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B. W. WEAVER, EBLTOR.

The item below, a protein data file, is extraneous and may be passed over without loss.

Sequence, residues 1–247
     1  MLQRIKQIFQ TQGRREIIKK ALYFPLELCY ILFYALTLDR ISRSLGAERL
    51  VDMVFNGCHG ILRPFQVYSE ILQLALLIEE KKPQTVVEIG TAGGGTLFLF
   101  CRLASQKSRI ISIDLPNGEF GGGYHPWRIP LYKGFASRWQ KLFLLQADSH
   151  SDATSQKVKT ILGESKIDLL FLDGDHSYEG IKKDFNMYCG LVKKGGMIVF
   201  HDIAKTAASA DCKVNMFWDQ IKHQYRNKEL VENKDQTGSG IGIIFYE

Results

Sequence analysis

f dooms burg, Thursday, No*. 37, 1831~ THANKSGIVING DAY. THE free people twenty-eight stales in the republic this day join in thanksgiving lo the Dispenser of Bounties. Millions of joyous end thankful hearts unite in paeans of praise and joy. And in this land of peace and plenty—of happiness and health—who has •tot a thousand blessings around hint to move "him to gladness and gratitude ? To whom thas not the Wisdom and Goodness of a bountilnl Providence miuisteied in health, comfort or estate ? Let it be then a day of thanksgiving to rich and poor, for God has blessed each according to his or her estate. THIS TARIFF QUESTION} WE have often said, is purely a matter o( speculation—a question of dollars and cents end not of political principal, r.or of profit to the laborer. Kveiy manufacturer asks a high tariff on the article he produces ard a low tariff on what he consumes. The. iron men want no duty on coal, (though even any duty on coal is a farce) and the manu facturer of bar-iron and rail-road iron want no increased duty on pig iron—for they buy pig iron. The mammoth "rail-road compan ies want no tariff upon rail-road iron, and Mr. Kvans of Maine, u good and true Whig made application to Congress lo have those duties refunded to the railroad companies which they had paid on their iron. Tho manulacturer of woolen goods oppo ses a tariff on raw wool, but asks one on thft goods he IIBS to sell. The 'manufacturer of Cotton goods asks a high duty on his fabrics and a low duty or nono at all upon raw col ton. The following report of a "tariff" speech is a fair sample of the creed of those :p3nsioners of the government who have no -imhh but the lust of plunder, and no politi cal watch-word but the leech cry, "GIVE." At a late mass meeting held at Trenton, New Jersey Mr. Hewitt, one of tho speakers, raid it was expected that he should say some thing on the subject of tho Tariff. It was with that question that ho was rnoro inti mately cennected. He had heretofore acted with the Whig party, and it was with a view of getting a greaior protection on iron, that he had advised his friends to vote for Gene ral Taylor. There was one branch of tho iron business, that of pig metal, which wks sufficiently protected—and the cotton inter est say that they can get along without fur ther protection—he, therefore, had 110 seri ous objections lo the present bill, except in on* particular —iron, in bars, was not suffi ciently protected, and it was in this particu lar that lis (bought the bill was wrong. In reference to the position of the two parlies '"on the subject of the'tariff, lie believed that moro be gained for protection to the iron interest from the Democratic party, than from the Whigs. Indeed, at the time the bill was passed, the Whigs in Congress might have got a higli duly on this article, but what did they tell me at Washington i they said "THAT THE ISSUE WOUI.D BE OI SlOnE IMPORTANCE TO THEM IN THE NEXT E LECTION THAN THE TARIFF ! From that mo ment 1 bc:ame a Democrat I" Valuable Coal Land, WE invite attention to the sale of some valuable coal lauds advertised in ourcolumns to-day. The true', lays along and upon thu ."McCaulny mountain, and contains u valua ble deposite-of anthracite. It is also in the vicinity of the graded route of the Cattawis a Railroad, and a lateral branch could easi ly be tnade from the main route to the coal •mine. There is a good chance for capital "■ists. KSF The Star cf the North says there will bo six eclipses next year, three of tho sun and three of the'moon. We hope no envi ous body, planet or satellite, will come be tween us and the Star of the North —the po lar star of the democracy of Columbia. We thank you good friend, and our heart echoes your hope. A man with the grit and true Democracy of our bachelor friend is in aio fear of ever being eclipsed unless a pair ol bright eyes should smile too kindly and shine 100 brightly between him and us. Then alas ! he would be lost lo u*. "The 111-Considered Compact." —The New York Tribune, one of tha ."higher law" or gans of Whiggery—die earnest advocate ol the late Whig Stale Ticket—says of the na tional constitution, it is "an ill-considered compact, made when our fathers were virtu ally slaveholders." And the Albany -Ensuing- Journal says of the same glorious compact: It is "an atro cious bargain." Comment is unnecessary. tW For the past-two weeks we have in diOerent ways toiled night and day ; and we hope our readers will be indulgent if some errors creep into this number from our ab sence. A young friend promises to lend us the servioe of his pen occasionally hereaf ter, and we hope both our readeis and our eelves|will profit from his assistance. W In relation to the homicide case at Beach Haven in Luzerne county which we nolioed last week we have since learned but few additional particulars. Stookey, the man killed, was a man of disordered Intel, lect, wild, furious, nud passionate at limes. Seybert was not arrested but voluntarily gave himself up to the Sheriff. X3f The Wilkes-Barre atjd Pittston Plank gfeiad is under contract. We are informed ,llte moat of it will) be graded by January end the Planks laid down by April. This jrhen oomploled will be a matter cf very convenience. mJufolnbia'find the laKes. OCR Sun bury neighbors complain because the Railroad committee appointed at the Philadelphia convection of last September ill theia address announce the fact that Phil adelphia can be most easily connected with the Lakes byway of Qattawissa. From Port Clinton to Tamnqua tire railroad is in operation now, and the 43 miles from Ta maqua to Cullawiasa are all graded and the heaviest part of lire work done. From Cat la wissa a number of routes are proposed. 1 he first one contemplated was to continue up along Fishingcreek to Millville and (hence by Lairdsville along Muncy creek, and on to Williamsporl. From that point there would remain 240 miles of railroad to be built to Erie. This route would in Lycoming coun ty go through one of lire best timbered re* gions of lire state ; and would secure the lake trade by the shortest route. There are also beds of bituminous coul in lire vicinity of ibis route, and we ourselves a few weeks ago collected some specimens of iron ore in Lycoming county, of which one is a very rich carbonate, much like the "black-band" of Wales. We found also HI our excursion specimens ore; which, though not themselves rich, are doubtless the pre cursors of a better body of this mineral which would well pay for woiking. A second route is proposed to lead along Firhingcreek to Laporte in Sullivan county, down the South branch of Towanda creek to the Susquehanna at Towanda and thence to unite with the New York and Erie Rail road at Waverly, 16 miles East of Towanda. This route would also tun through an excel lent timber country, and in the vicinity of bituminous coal and copper ore. A genile man of this counly last winter made an "ex ploration" of this route to LaporlCi and as sures us that the grade will b& almost as easy as it could be along the Susquehanna river. Application was list winter made for a state road fiom Rohrsburg in this county direct to Laporte over the ground which the railroad would cover. Ttie main objection to this route is that it would sti'l leave all the Northwestern coun. ties of Pennsylvania in the "backwoods,' and the result would be to draw tho trade of Northern Pennsylvania, by a score of short lateral roads, to the N. Y. and Erio Railroad, where we would at once run against the heavy competition of all tho West and New York. Besides we would in that event use the harbor of Dunkirk on Lake Erie, instead of the larger, safer, and tnore convenient one at Erie. But again in this way we would lose all the coal trade of North Western Pennsylva nia, which would remain closed to us ; and Western New York is already supplied by the Erie Railroad from the Lackawanna val ley. Only a few weeks ago the connection was completed between Great Bend on the Erio Railroad and Scranton in Luzerne coun ty- We think Philadelphia need have little Tear tIHUTVew York Ctty trill- be o d.r.gatoas rival if the Railroad is completed to Catla wissa and Williarnsport. The cars of the Reading Railroad will be able to run through to Erie on this route.-for it will all be of the same gague as at Philadelphia, while the New York cars will find a dead latch for them at Tamaqua, and all goods would have to be te loaded there from ears of a 5 feet 10 inch gague to those of a 5 feet Si inch gague. This ut least would be the case un til some Yankee should contrive a mode of contracting and expanding the axles of cars from one guage to another, or changing the wheels of ilia cars when they come to a change' of guage. We have not patented that idea, and leave it for our Sunbury co temporary to attend to. Il was al one time intimated that tho Cat tawissa road might be extended to Danville along the Eastern bank of the river, and thence to Williarnsport, but we learn that Kimber Cleaver is now engaged in survey ing some eligible route from Danville to the Shamokin coal fields to connect with the Suuburj and I'otlsville route. BANK OF DANVILLE. —At on election held oil Monday of las! week for a Board of Di rectors of this Institution for the ensuing year, tho following gentlemen were unani mously elected, viz : —Peter Baldy, A. B. Wilson, John Sharpies*, J. K. Grotz, Thorn ns Hays, Jacob W. Smith, Wm. C. Lawson, Jacob Cook, J. I', llackenberg, T. 0. Van Allen, W. IL Magill, Gideon M. Shoop and Edward H. Baldy. The Board of Directors, at their nioeting on Tuesday last, unanimously re-elected PE TE:! BALDY, Esq. as President. NORTHUMBERLAND BANK DIBECTORS. —At an election held at the Northumberland Bank, nn Monday of last week, tho following gen tlemen wore elected Directors for the ensu ing year: John Taggart, Wm. Forsyth, Amos E. Kapp, Wm. H. VVapples, Wm. L. Dewart, John B Packer, George Schnure, Saml. Wil son, Wm. Cameron, John Walla, Wm. Hay es, Samuel T, Brown, William. Neal. FISE. —We understand that a fire broke out in the frame building belonging to the Hon. Samuel Oaks, at Churchville, North'd. county, a short distance below the I.ewis burg Bridge, on Sunday morning last be tween two and three o'ulocK, which was to tally consumed, notwithstanding the citizens of were soon or. the ground with their engine, but owing to the wretched con dition of the hose, were unnble to save any portion of the building. It was occupied by two families at the ti.Tio, whose furniture, Stc., we are pleased to learn, was mostly saved.—The fire is supposed to have origin ated from the bake oven, where a late fire for baking had been used.— Miltonian. Isv WE have now about a feet of snow on the ground, and fine Sleighing. Go it I G'hals and B'hoys. EF* Governor Johnston, of Pennsylvania, on the expiration of his term, makes Pitts burg his residence. Correspondence oj Ike Star. FHOM PHILADELPHIA. PHILADELPHIA, Nov. 22d, 1851. PEAK STAR:— I have for the past week or two been getting my ears full of conspiracies iu connectioh with Governor Bigler's Cabinet. Every body is Secretary of State, and "the rest of mankind" Attorney Generals. The last wrinkle is that Reuben C. Hale or Judge Kidder is to be prime minister. Judge Woodward could no doubt get the seals to hold, and there is no 'man in the State more fit than he to honor that station, but the bu siness won't pay, and the Judge will raise bis ordinance to a little higher mark. 1 The fuzlemen have ruu the business of "Cabinet making' r mto the ground, and so killed pnor Judge Campbell anew, by trvitig to force him upon Goveruor Bigler. It was a mighty impudent piece of business to cook up a Cabinet lor His Excellency, and soun ded very much like saying he was himself incompetent to the tusk ! The Governor will no doubt say "I am very much obligee to you, gentlemen." Andrew 11. Reeder of "Old Northampton,'' as the world calls it, is perhaps the most prominent man now iu the publio eve for Attorney General. I say "in the public eyt," for be assured Governor Bigler has hardly yet given the subject a thought, and not given the old ladies in breeches who like to swarm around Itira, any piece of his mind, flf he has counsellors, they are discreet. F. VV. Hughes of Schuylkill county will also be named to the Governor for Attorney General, but unfortunately it is said of him that at the state convention of 1818 he declared the delegates might nominate Mr Longstreth but they coulu not elect him. This might be urged to show that he was an "otiginal Big ler man,'' but the speech has two edgos to it, and cuts buth ways. Besides, some fel lows upon whoso iocs Frank has (ramped in limes gone by have got out Cen. Francis M. VVynkoop of Pottsvillu for Adjutant General, and il the tug of war comes when Greek I meets Greek, you may guess what will hap pen when Frank meets Frank. I'll try to be about—to lioid the hats. We have some very interesting plotting I here in connection with the Presidency. The last "cunning" move is the announcement of Govornor Bigler for the Vice Presidency- You will at once understand the drift of this' A counter movement is the getting out of General Pillow of Tennessee for Vice Presi dent. This is meant to save for Buchanan in Tennessee what the other manouvre will lose him in Pennsylvania. So these things go. Of course no Democrat cares much who is nominated for the tail of the ticket, though the Whigs are very much interested in that part of their nominations, since the luck to [ Tyler and Fillmore. I have no doubt but that if the two-third rule is adopted in the next National Conven tion, Judge Douglass will be the Comprom ise candidate for the Prosineney. It must and will be a Union tnan. I'llOM POT t'BVII,I.E. POTTSTIM.K, Nov. 24th, 1881. R. W. WEAVER, Esq.: You will doubtless bo pleased to hear of the success of a large new Rolling Mill at this place, which has been established by flight practical workmen upon the principles of mutual associated la bor. They propose to conduct their business as other enterprises are mangled which de pend upon economy and industry, rather than upon the idle clamor of speculating ad ventures. They attend personally every day al the workshops lather than at the hall of Congress ; and they roll up their sleavesand bear their part iu the toil of the day. Each one previously served eight years of duty in another establishment, and they then invest ed 821,0(10 in this Rolling Mill. It is now in successful operation, and answers a much better purpose than if it had cost twice a 9 much of the money of those city capitalists who never saw iron-ore, and give splendid dinners to Congressmen ; for 824,000 in the hands of two or three scores of superinten dents, supernumeraries, subs, clerks and un dor-slrappers don't go far when the losses are sporting white kids and swilling cham pagne at Newport. There is order, regulari ty and management in this Flshbach Rolling Mill, and every body iu the concern under stands his business and knows his place. There is no swarm of droves around it to eat out the substance, iu the business of cry ing ruin ; for every man concerned in il feels like making a living at an honorable busi ness. The proprietors are now making bar iron which is pronounced to be as good as any imported, and which they sell at city prices —freight added. 1 hey can turn out 8 tons ot this iron per day, and in this opera lion consume 12 tons of coal. The pig iron needed is obit ined from Easton. The proprietors will next turn their atten tion to the manufacture of rail road iron, and they feel confident of success and profit in that department. The concern looks like going ahead finally, and has so far met with every encouragement desired. The fact is that praclioal and prudent men have made money in the iron business in the face of the hardest times. I well rem ember when every body at Danville thought the iron business was ruined, and the furna ces blown out. Nobody could be found to use them until Mr. Perry and several other pracical busi less men took them, and, to the astonishment of the natives, coined almighty dollars by the thousands, at the "prostated" iron business—selling their pigs at the fur nace, I believe, for sls per ton. Other fel lows, who were beating some irons in their furnaces and others in Congress, got up too much or too little gas, and some of their i rons were burnt On next Mouday the public records of this county are to be removed from Orwigsburg to this place. Judge Hegins is also to open our December terra of Court on that day, but I suppose the removal will put us in such good spirits that we won't feel like indic ting anybody, or saying that our neighbors are guilty of any thing worse than good- hu. trior —at least for a weak to come. Yonretraly, k Frightful Catastrophe and Loss of Life. One of the most frightful and melancholy catastrophes it has ever been our lot to re' cord occurred in New York city on Thurs day afternoon. The following as uear as can bn -ascertained, anrfKe particulars of the dreadful occurrence: About threejp'glock, past before the pupils of the Ward School, No. *6, occupying the new building on Greenwich Avenue, near Sixth Avenue, were about being dismissed for the Jay, the principal of the department on the third floor of the building, Miss Har rison, was seized with sudden illness of a paralytic nature, causing such an effect up on her face as to induce the greatest alatm among the children, a majority of whom were girls, ranging from six (o eight years of age. The consternation gradually increased, several girls called for ''water" to levive the mistress, and in the midst of the alarm, the cry of fire was raised, wbeu the children at once made for the spiral stairs, winding in a circle from (be ground floor to the 4th story, which, iu their eagernees, they completely blocked up, the crowd becoming closely, wedged between the bannisters and the wall. Suddenly the bsnnisterwgave Way, and scorai of the children irere precipitated to the pa ved floor below, a distance of about thirty feet. The 6ceno that followed baffles de scription. The parents of the children were quickly informed of the dreadful occurrence, aud flew to the horrible scene ; and as body af ter body was taken out dead or injured, the screams and distress of the distracted moth ers was most heartrending. So far as ascer tained, forty-eight children were killed, while there are probably that number more or less injured, soate of whom cannot possi bly recover. Many of the little ones were so dreadfully disfigured and mangled, as to be scarcely recognized by their parents. Facts. In the census tables for Pennsylvania in tlie year ISSO, there are recorded 77,399 firms! Hero, then, we have the source of wealth, and the cause of our vast proper'y defined ; for it is the production of the farm stead that forms the basis of all other indus try. Without agriculture, we can have no trade—no manufacture*—no commerce—no mechanical labor. Extend this basis of la bor and you extend all other branchea ot in dustry, by the moat facile and agreeable mode of self iuterest, operating spontaneous ly through individual enterprise. What a beautiful system of political economy doe* not nature provide for man ? The bosom of the earth, cultivated by labor, yields hint nourishment. Variety of industry results in leisure, science, education and literature, the fine arts, and all that exalts his nature, and subdues his evil passions. Thus, one part of the world is subsisted by anolhet that it tnay rise bMrer in iutellect, art, sci ence, and iqventiotk Agriculture lies at the botrovn -of *U •iviQ|>tt*R ; nrt ttto otljr won der is, that qnr census table for 'SO does not show is many AuadM thousands, as It shows thousands of "farms," which ore the real castles of a free country ; as the farmer is the natural nobleman of the soil. Pennsyl vania has yet land enough uncultivated to produce that result; and the improvements now being prosecuted, and hereafter to be made, will show that effect by the next cen sus. In all directions the facilities to a mar ket are being constructed; while capital, op erated on by the magic hand of labor, for wilhout labor capital is worthless, is easily employed ia increasing the tools by which it enhances its value, and expands its bulk. Kings may boast of their slaves—but it is the pride of Pennsylvania to boast of her fartnc rs .• —Ledger. INSURING A DEBTOR'S RIFE.—A case was tried a day or two ago, iu one of our Courts, in which an unusual circumstance in the re lations of debtor and creditor was developed by the testimony. The suit was against the executor of a person who became indebted to the plaintiff and another person, in the sum ot about five hundred dollars each. As effecting an insurance on their debtors life, to the amount upon him. In a few weeks after this the debtor died, and the F.nsurauce Company paid the amount of their insurance. The plaintiff subsequently brought suit upon his claim against the estate of his debtor, and will, of course, obtain twice the amount of his original claim. The matter was suggested on the trial, but as there was no condition in tho policy of insu rance, nor any circumstances which could preveut the plaintiff from recovering on the policy and agaiii3t tho estate of his debtor also, no legal objection could be urged lo the 6uit. ' PENNSYLVANIA KNTEIIVRISE. —More ilian a year ago we noticed tho fact that Capt Con verse, of line city, was endeavoring to estab lish steam navigation on the Susquehanna River, between Baiubridge, Chenango coun ty, N. V., and VVilkesbarre, Pa. We see by a despatch through the telegraph that this gentleman ha* succeeded in his object, and the steamer Enterprise has arrived at the lat ter plaoe from Baiubridge—her arrival crea ting considerable excitement in that town. Those who know the nature of the naviga tion so far up that river, will readily appre ciate the energy and enterprise which could j commence such an undertaking.— Ledger, TJT LYNDE ELIOT, Esq.. for some months past the very able assistant-editor of the Pittsburg Pott, and, to our knowledge, one of the moat foretold ar.d fearless of all tho wri ters conuectod with the Democratic press of tha country, will be presented by many friends as a candidate for one of the impor tant offices of the House of Representatives of this State.— Penntylvanian. FIRE. —We learn that the Engine House of the Baltimore Coal Company, was burn ed dotyn on Monday night. It is supposed to have been set on fire. Loss estimated at about *B,OO, — Wtlketbarie Advocate-. From Ike Pennsylvania Statesman. Despotism of Corporations. The Boston Alias gives the following in sitnee of despotism and oppression exercis ed by an agent in one of the faotories of Lowell towards the employees engaged at work i-i the establishment. Instances o' this kintl are by no means rare, and we have, had occasion to refer to tbem frequently be fore. In this State, the same spirit of arro ganoe and despotism has generally manifes ted itself among the iron-mastors, and other manufacturing establishments of great extent. We could refer to occasions where Whig employers wcte known to have marched persons in their employ up to the po.ls to rote, with lickpls marked in a peculiar man ner, aud if in any case the laborers were > drscovered to vole any other than the mark ed ticket they received, they were immedi ately discharged. In this manner has a great deal of the Whig strength in this State been acquired. But, says the Boston Atlas, it being report ed in Lowell that Linus Child, agent of the Boot Mills, had declared he would not em ploy soy man who should vote lor the ten hour ticket, (coalition,) a committee of gen tlemeu waited upon him to ascertain if such ware the fact; to their utter astonishment Mr. Child openly, boldly, unequivocally a vowed his determination to employ no man in the mills of which he was agent, who ! should vote for the coalition candidates lor j representatives from Lowell on Monday next' This tyrannical attempt to coerce the suf frages of free citizens through the influence of corporate power granted by the legisla ture—by the abuse of privileges conferred upon a company merely for manufacturing purposes—is oue of the grossest and nios 1 insolent outrages upon the purity of the e lective franchise that political profligacy or desperation ever brought to our knowl ekge. A corporation created by the people sets itself above its creators, and attempts to trample upon their deutesi rights—to play the Lord and render the voters of a true country its serfs —to enact the Tyrant, and say to American citizens "uo my bidding or starve'." —to pervert the purpose of our insti tutions, destroy the guardian of American Libetty, the llallot Box, and dually to insti tute a power to overawe and control the citi zen, more abhorrent than the arbitrary wr!j which fills the dungeons of Naples, or sends victims to the frosts of Siberia. Mr Child may dare to execute his despot ic threats, but he had belter have a cure, and remember the late of Haman. If he abuse his power and insult the spirit of freedom in the manner he threatens, he will have a fear ful reckoning to answer before public opin ion, the omnipotence of which, thank God, neither he nor all the powers of his corpora tion can withstand when unjust oppression is exposed to that scrutiny which justico will surely demand. We hope the voters of Lowell are not so craven as to bow to the cap of this factory Gesler, but will spurn him and his threats, and teach him and those he represents that ihunti wk® gave can lake away ; that nnsus- can bo recalled, omt obu-o xrf power punished. Tlie contest in Lowell is possessed of far greater importance under the present aspect j than wus attached to it before—it will solv 0 the question whether we are to have free j elections or not—whether men or money shall rule—whether the Ballot Box—so long considered the Palladium of American Inde pendence—shall express the voice of free I citizens, or only the dictum of corporate wealth. Whea such issues are presented for the voters of Massachusetts lo decide, all others sink into insignificance, and every man who lecls himself worthy of being called an A merican—a freeman—should vindicate his claim to these glorious appellations by rebu king the audaoity that would rob him of the heritage bequeathed to him by the Fathers of the Revolution. To THE BENEVOLENT. —The house of Mr. | KAMP, of Madison township, in this county, | was totally consumed by fire, on the night, of tho 24th of October last, together with al its conreritr. His wife was severely burnt* and all the inmates but narfowly escfqwjd There was 110 insurance on the property. Mr. Kamp is an honest and industrious la boring mail, who has a large family, and is about trying to re-bnild a small >lo.use for himself. Under these circumstances, a num ber of his most respectable neighbors have given him a certificate of good character, & represent him as a worthy rrvau to receive assistance. Among them wo observe tho names of such gentlemen aa Squires Hen dershot and Kisner John V . Derr and VVm. Mcßiide. Persons, who contribute their mile towards repairing the loss of tho unfor tunate Kamp, may rest assured that their gifts are not unworthily bestowed.— Danville Democrrt. The Irish Exiles. A largo meeUng was held in Philadelphia, in the Museum building, on Thursday eve rung last, in favor of a movement on tho part of the United States Government towards procuring the lelease of Wm. Smith o:Bri en, Mitchell, Meagher, O'Donohue, and their companions in exile. It was participated in by most of the prominent men of Philadel phia.. Gov. Johnston was the presiding offi cer, and delivered a short bnt excellent f.peech on taking the chair. Tho meeting was also addressed by Z. Collins I.ee, of Bal timore, Kobert Tyler and Joseph R. Chand ler. An address, prepared by Charles J. In gersoll, was read and signed by the officers, to be forwarded by the Governor to the Pres ident of the United Slates. SAD ACCIDENTS. —Mr. Joseph Edman, a young man of about 18 years of age, whilst engaged in quarrying atone on the farm of Mr. Seebold, in Limestone township, Union county, on Monday last, met an almost in stant death by the falling in of an embank ment upon him. In Middlecreek township, same day, two meu employed in the same business met a severe accident—one had his leg broken and the othei hie hand crushed— Mihonian. Ttulfl Rain. We learn by ihe letter of a London cor respondent, published in the National Intelli gencer, (good Whig authority) that we have no cause for complaint under Ihe Tariff of . '-IG, so far as our trade with Great Britain is concerned. It is there stated, that our inter- L change of commodities amount annually to £40,000,000 sterling or about $200,000,000 — and that our exports to Great Britain are a bout double the amount of our imports. The writer says : "The declared values ol the entire exports to the United Stales for three years, (1848, 1849, 1850,) were £9,601,909, £11,971,028 and £14,871,961, or nearly one-fitih of the declared value of British exports to all parts of the world. The official value of our im ports from the United States for 1848 and 1849, was £23,916,844 and £26,554,941, res pectively.—Great Britain and the United Stales, therefore, interchange in a year, pro duce worth above £40,000,000. Truly they are of some importance to each other, and ought to continue, as we hare no doubt they will do, on the best terms." We regret that the amount of our exports for 1850, is not also given, but we are satis fied with the facte as the Whigs give them. Tue Journal of Commerce lately published a statement showing that the gross amount ol all our exports, exceeding our total imports $30,000,000, from 1848 to the present time. Why is it then, that the Whig leaders, and the Whig papers, prate continually of fur nishing a Home Market, for all our products, when we have as much as we want at homo, and, in addition, send abroad an overbalan cing exchange ? and why do they advocate a material alteration in the tariff of 1846, i and the adoption of prohibitory duties? J The answer can only bo found in thatgiv ion by the Whig leaders at Washington to j Mr. Hewitt, or the Trenton, (N. J.) Iron j Works, — "THE ISSCE IS or MORE IMPORTANCE ! TO us THAN iHE 'J'A Birr ITSELF !"— Tioga La ! gle. , The Erie Railroad. J A ootemporary says that during the month j of October, the Erie Railroad leading from l'ierraont to Dunkirk, received for passen gers and freight the enormous sum of $356,- 552 21, of which $178,282 82 were for pas- I sengers, and $178,260 39 for freight This i ' IS at the rate of nearly twelve thousand dollars per day! At this ratio this road would re ceive $4,278,636 per annum. Allowif.g half for exbense, it would leave a clear piofit ol $2,139,319. But the revenue of the road has increased regularly every month, the last one always showing an increase over the one preceding. Should this augmentation of receipts goon, its present large income would not be a fair data upon which to fix the fu ture revenue of the road. Should no other improvement be made to come in oompeti tion with tlhis Erie road, its gross receipts will in all 'probability, in the course of a few / years, run up to five or six millions a year, j The immense business doing on this roa 1 | evinces tvyo things wtituh w l>imylvanians j should iaj:e notice of. It shows that the cil- ; ies of New York and Boston are doing all the business of the norlh-west in conse quence of l-heir improvements to the Lakes and it shows, too, that the money invested in the making of the Cattawissa, Williams port aud f)rie road—an improvement neces sary to save to Philadelphia a portion of the trade of the Lakes—would pay well, afford ing th ■ stock-holders, at the most moderate calcul xtlon, fifteen percent. Trial of Washingtou Crltzer. The trial of Washington Crilzer, of Miff lio county, for shooting John Hines, of Lu -7j jrne comity, at the lock below llarrtsburg, on the 19lh of September, took place at Hm -1 nsburg on Wednesday last, which resulted j | in the acquittal ol Critzer. The indictment ! was for manslaughter. Several witnesses : wero oxamined as to the manner in which i the unfortunate occurrence happened, all of whom proved that Critzer .acted in self-de-1 fence ; that he did not fire the pistol until | after he was in the cabin of his own boat, i and had done eyerything in his power to ' preuent Ilines from pursuing him into the cabin. It was also proven that Hires was a dangerous, quarrelsome,fellow, and that lie had made numerous threats that he would shoot or kill Critzer when he inet him ; and that ho (Crilzer) had frequently been warn ed to keep a look out for Hiees. PRESIDENTIAL SPECULATION.— A Washing ton correspondent of ihe Baltimore Sun says: "The democratic party arc divided." Cass, Buchanan, Butler and Douglas are the most prominent candidates fortlie next presidency. The two first will be voted for in convention, and neither can obtain a two-third vote, and Douglas or Butler will be the compromise nom inee. If Douglas, then Cobb will be Domi nated for the Vice Presidency; but if Butler, then Gov Bigler, of Pennsylvania, as Vice President. Either ticket will be a strong one. The Rending Railroad Company Have done a splendid business this year, and the income will be very large. The pro ceeds for Coal, we learn, will neit the Com pany about $1,30 per ton on all transported for the year. There has also been a large increase in the quantity of merchandise and miscellaneous freight transported over the Road, and the income from passengers, not witdstanding the reduction of tares las! Spring exhibits an encouraging increase. SENSIBLE. —It is said that the British Gov ernment will not fill the station of Minister, vacated at Washington by the departure of Mr. Bulwer, till some emergency shall arise requiring the presence of such a represen. tative. This is an eviednc* of good sense that may be profitably imitated by our gov ernment. Why maintain all this diplomatic pomp and parade, at great expense for no useful purpose. f The National Washingtou Monument is now carried to tb? heigh: of one hundred and two feet. Classification of Retailor* # OF Merchhaiulise within the county of Columbia, Pa, for the year 1801, Ap praised aud classified according to the several acts of assembly, by R. W, Waver, duly appointed Appraiser of Mercantile taxes; to wit: Name Q Li- Residence ' § sens*. Bloom. Bloomsburg R R Iron Co 10 20 00* William M'Kelvy Si Co 10 liquor 30 00 H C j-1 W llartmsn 13 do 15 00 Mendenhul'. Mensch, 13 liquor 13 00 Leonard R Rupert 13 10 00 George Weaver 13 do 16 00 A. J. Sloan 13 do 15 00 Matthew M'Dowell 13 10 00 S I. Bettlo 13 10 00 Fowler & Tiimbly 13 do 15 00. Light Street Iron Co 14 7 00 Peter Ent, 14 7 00 William Rnbisott 14 7 00 J. J, Brnwer 14 liquor 10 60 John H Barton Si Co 14 700 E P Lutz 14 ' 7 00 John It Moycr 14 7 00 Aaron Kline 14 7'oo Simon Nathan 14 7 00 David Loweubcrger 14 7 00 David Stroiip 14 7 00 Cyrus Barton 14 liquor 10 60 S. A. Worinan 14 do 10 50 Millard & Trimly 14 liquor 10 50 U Plummet-& Co 14 liquurlO 60 lleru-ick Abraham Miller 11 liquor 22 DO Setli B. Bowman Si Co. II 15 00 George A. Beam 14 liquor 10 60 Frederick Nicely 14 do 10 60 Nriarcrcfk, Dodson Stackhoust* 18 10 00 .William Shaffer 14 10 60 Beaver Strouse .)■ Novinger 14 liquor 10 50 Centre. Solomon Sterner 13 10 00 Gilbeit H Fowler *l3 liquor 15 00 Jesse Hicks 14 do 10 60 Catawissa. Michael Brob3l & Son 13 liquor 15 00 John Sharpless 13 do 15 DO Finclier & Thomas* 13 10 00 Jesse K Sharpless 14 do 10 60 John Schmick 14 do 10 60 Stephen Buldy 14 7 00 Charles Ilartman 4" Co 14 liquor 10 60 "Lloyd Thomas 14 7 00 Greenwood. George Masters 13 10 00 Elias Wcrtman 14 liquor 10 50 Schuyler 4' Rezner 14 7 00 Hemlock. Marshal G Shoemaker 14 liquor 10 50 Jacob Harris 14 do 10 60 Fishingcreelt. James M'tlenry 14 liquor 10 60 Benjamin M'Henry 14 do 10 60 Montour. M. G. Hughes* 14 liquor 10 69 Maine. Geo. 4" RuiiolphShuman, 13 liquor 15 00' Mifflin. Brown Creasy 13 liquor 15 00 Stephen H. Miller* 14 do 10 50' Christian Zimmerman* 14 7 00- John Mcllenry* 14 7 00- T. E. Craig* 14 liquor 10 60" WiHiam Kautucr,* 14 10,59- Madison. James Masters* 14 7 00' Orange. R 4" J Lazarus* 13 liquor 15 00t Rcketts ,V Stewart* 13 do 15 00 Sugar/oaf. Parvin Masters* 14 do 10 50" ADDITIONAL. Persons returned for License under the Act of Assembly passed the iOih of April, 1340; to wit: Distilleries. Names 3 Li' Residence Jj ccnse. Ricketts Si Stewart, Orange 0 8 00 1 Reese 4" Lolt, Briarercek* 0 8 00 John Laubach 10 5 00 Patent Mediciaes. E. P. Lutz, Bloomsburg 4 600 John R. Mover do 4 SCO S. L, RettL* f 4 SCO John Sharpless, Cattawissa 4 5 00 Beer Houses and Oyster Cellars. Muses May, Bloomsburg, 8 5 00 MF~ Those marked thus (*) are ma paid, The above list contains ail retail ers returned within the present year for license, as n'so ail retailers of medical compounds, patent medicines, and all keepers of beerhouses, rating houses, resteaurar's or oyster cellars ; and nil manufacturers of spirituous liquors, by the appraiser ol mercantile taxes, which 1 publish ns required by the 60:h section of the act of March 4di, 1824 and tho supplement* thereto uitacheJ, designs i ting those that are paid. All those that 1 remain unpaid at tho next term of Court will be sued as trqnircd by the act as a bove referred to. Persons who tire re tailing foreign goods, merchandise and liquors, and not contained in litis list, nra required to take licenso immediately ; or they will be sited as soon us heard of. All Tavern Keepers who have not ta ken out their license are likewise inform ed that unless paid in before the first day of next court they will be handed over to the Deputy Attorney General for prose cution as reqoirod by law. A.MANDUS LEVERS, Treasurer, TREASURER'* OFFICE. ? Rlnnmxhtirr, Nov. 22. 1851. S PUBLIC SALE OF JTnvfNgyaD 3 THERE will be sold at public rale at the hotel of Jacob Dyer in Cattawissa, on NEW-YEARS DAY, Ist of January 1852, commencing at 10 o'clock in the forenoon & certain tract of Coal and Timber Land, Situate in Beaver township, Columbia coun ty, bounded es follows :—Beginning at a o..osmii thence by lands surveyed for George Longenberger, S. 69J VV., 228 perches to a post, thence by land of Andrew Clark, 8. 16 E,, 272 perches to a post, thence by lands of Jesso Brooks and Deborah Stewart, N. 78 E., 226 perches to a stone, thence by lands of Jacob Lose N. 16J W., 278 perches to the place of beginning, couiaini'-g 385 ACRES. AND 134 PERCIES Of which about 10 Acres are cleared. There is a small house on ihe .'leared part, excel lent timber atd a valuable bed of ANTHRA CITE COAL on die premise*. X3T Terms will be roado- ku„wn on tho day of *ale. GEORGE cONGENBERGER, GEORGE MILLER, JOHN FISHER. Owner* Main township, Nov. 24, 185 L